As for doing "hot swaps" in a SASS match: ain't gonna happen. The safety record at SASS matches is exemplary. A cylinder swap involves fumbling with a loaded or capped loaded cylinder that if dropped on concrete or gravel could discharge a chamber. You'll never see it allowed. A dropped loaded gun is a match DQ (yer out!) and less likely to go off than a dropped loaded cylinder unless the gun was cocked. If you insist on doing lots of reloads then you will not merely need "another division", you are going to need another sport or at least what is called a side match held at a different time than the main match. Everyone at the shoots fire the same shooting sequence and number of reloads in the main match. Now, years ago, in early SASS most shooters only had one pistol so we did more reloads if we wanted to shoot more. Going to a two gun scenario sped up the shoot and got us sending more ammo down range. Maybe you should check out Wild Bunch or the (mental block here...) gangster shoots where DAs, 1911s and Tommy guns are used (1920s-1940s era)
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Offline 9245

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Re: Can you recommend a holster?
« Reply #14 on: February 24, 2021, 12:50:24 PM »
You may be correct about the SAA being outnumbered by a variety of other designs for quite some time. A major reason was the first 4 or 5 years of Colt SAA production went straight to the military.  Civilian sales followed the filling of the army contracts. Any early civilian ownership had to be by special order, "lost" by a soldier or stolen. The average citizen used what was available from Civil War surplus etc. However professional gunfighters, high profile lawmen, etc. (those who made their living by their gun) often were able to get their hands on the best most reliable handgun (the SAA) because their life depended on it. They are the ones in the stories & movies.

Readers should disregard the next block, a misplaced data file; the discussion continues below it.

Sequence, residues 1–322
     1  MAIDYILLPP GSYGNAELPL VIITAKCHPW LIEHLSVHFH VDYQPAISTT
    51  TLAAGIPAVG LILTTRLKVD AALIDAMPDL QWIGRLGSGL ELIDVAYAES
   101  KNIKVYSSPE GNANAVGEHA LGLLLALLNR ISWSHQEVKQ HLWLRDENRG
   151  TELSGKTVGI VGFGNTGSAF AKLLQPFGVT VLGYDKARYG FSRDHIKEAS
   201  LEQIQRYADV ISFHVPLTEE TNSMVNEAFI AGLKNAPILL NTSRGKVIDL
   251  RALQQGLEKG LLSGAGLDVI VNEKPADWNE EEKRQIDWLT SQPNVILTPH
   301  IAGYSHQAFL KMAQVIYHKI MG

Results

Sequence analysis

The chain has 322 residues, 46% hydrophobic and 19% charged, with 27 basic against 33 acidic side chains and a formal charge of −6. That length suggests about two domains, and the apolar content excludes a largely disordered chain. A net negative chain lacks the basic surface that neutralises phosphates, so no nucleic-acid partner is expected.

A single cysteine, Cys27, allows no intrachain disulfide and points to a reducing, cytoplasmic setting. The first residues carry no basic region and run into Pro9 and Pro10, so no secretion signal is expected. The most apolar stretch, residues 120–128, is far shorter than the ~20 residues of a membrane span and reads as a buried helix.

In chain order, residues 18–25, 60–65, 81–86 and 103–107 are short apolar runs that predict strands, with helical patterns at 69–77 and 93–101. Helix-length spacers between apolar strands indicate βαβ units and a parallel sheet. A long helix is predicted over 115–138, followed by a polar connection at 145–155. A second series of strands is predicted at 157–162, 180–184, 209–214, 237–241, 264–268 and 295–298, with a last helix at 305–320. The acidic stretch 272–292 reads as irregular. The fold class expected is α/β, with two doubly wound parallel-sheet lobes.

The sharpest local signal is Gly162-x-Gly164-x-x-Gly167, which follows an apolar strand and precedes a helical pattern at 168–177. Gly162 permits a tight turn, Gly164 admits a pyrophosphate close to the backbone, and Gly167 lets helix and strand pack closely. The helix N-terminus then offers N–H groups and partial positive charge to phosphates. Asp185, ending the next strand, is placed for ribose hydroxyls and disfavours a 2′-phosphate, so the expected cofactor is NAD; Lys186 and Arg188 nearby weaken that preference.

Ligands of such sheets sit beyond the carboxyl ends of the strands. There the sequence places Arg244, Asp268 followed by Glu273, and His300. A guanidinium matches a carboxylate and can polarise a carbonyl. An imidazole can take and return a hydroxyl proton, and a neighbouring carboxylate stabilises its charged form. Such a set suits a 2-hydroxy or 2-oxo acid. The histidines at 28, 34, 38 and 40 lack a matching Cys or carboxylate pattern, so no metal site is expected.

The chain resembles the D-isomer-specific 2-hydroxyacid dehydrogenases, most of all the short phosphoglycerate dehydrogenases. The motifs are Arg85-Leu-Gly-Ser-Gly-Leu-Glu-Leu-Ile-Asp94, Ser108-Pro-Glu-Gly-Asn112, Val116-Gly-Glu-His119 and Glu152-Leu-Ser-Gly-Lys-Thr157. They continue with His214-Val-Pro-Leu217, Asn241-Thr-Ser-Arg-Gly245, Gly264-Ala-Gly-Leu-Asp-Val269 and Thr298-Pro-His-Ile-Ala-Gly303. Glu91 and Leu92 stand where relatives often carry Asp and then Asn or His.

As for doing "hot swaps" in a SASS match: ain't gonna happen. The safety record at SASS matches is exemplary. A cylinder swap involves fumbling with a loaded or capped loaded cylinder that if dropped on concrete or gravel could discharge a chamber. You'll never see it allowed. A dropped loaded gun is a match DQ (yer out!) and less likely to go off than a dropped loaded cylinder unless the gun was cocked. If you insist on doing lots of reloads then you will not merely need "another division", you are going to need another sport or at least what is called a side match held at a different time than the main match. Everyone at the shoots fire the same shooting sequence and number of reloads in the main match. Now, years ago, in early SASS most shooters only had one pistol so we did more reloads if we wanted to shoot more. Going to a two gun scenario sped up the shoot and got us sending more ammo down range. Maybe you should check out Wild Bunch or the (mental block here...) gangster shoots where DAs, 1911s and Tommy guns are used (1920s-1940s era)

I challenge you to explain why the Single Action Army is better, especially against say a Schofield, what advantage does it have?  Very slightly longer cases?  Because that’s all I can think of.  The Schofield was readily available and reloaded WAY better and in the real world reloading was a thing.  They even had speed loaders for it (but not very good ones).  Or how about even an 1858 Remington cartridge conversion which can load all six chambers?  And costs less.  What about the 1875 Remington?

Also, contrary to Hollywood most of the professional gun fighters did not carry Single Action Armys, lets look at a few:

Wild Bill Hickock: Famously carried two 1851 Navys
Calamity Jane: Not known, I found references to it being auctioned off but it is only referred to as a “pocket pistol.”
Billy The Kid: Colt 1877 “Thunderer,” and possibly also the Lightning
John Wesley Harden: Smith and Wesson first model Russian and Colt 1877 “lightning.”
Wyatt Earp: Smith and Wesson Number 3 (NOT a Colt “Buntline” as is popularly believed: http://www.americancowboychronicles.com/2014/04/wyatt-earps-ok-corral-gun-was-not-colt.html)
Jessie James: Smith and Wesson Schofield and also the Single Action Army
Frank James: 1858 Remington and 1875 Remington
Doc Holiday: Colt 1851 Navy, Colt 1877 “Lightning,” LeMatt, and 1866 Remington

Among that list only one of them carried a Single Action Army and that was in addition to a Smith and Wesson Schofield.  There are others who did, but that was honestly just a random list and you see how that looks.  The Colt 1877 Thunderer and Lightning and the Smith and Wesson number 3 and Schofield seem to be the favorites among the professionals.
« Last Edit: February 24, 2021, 01:00:39 PM by 9245 »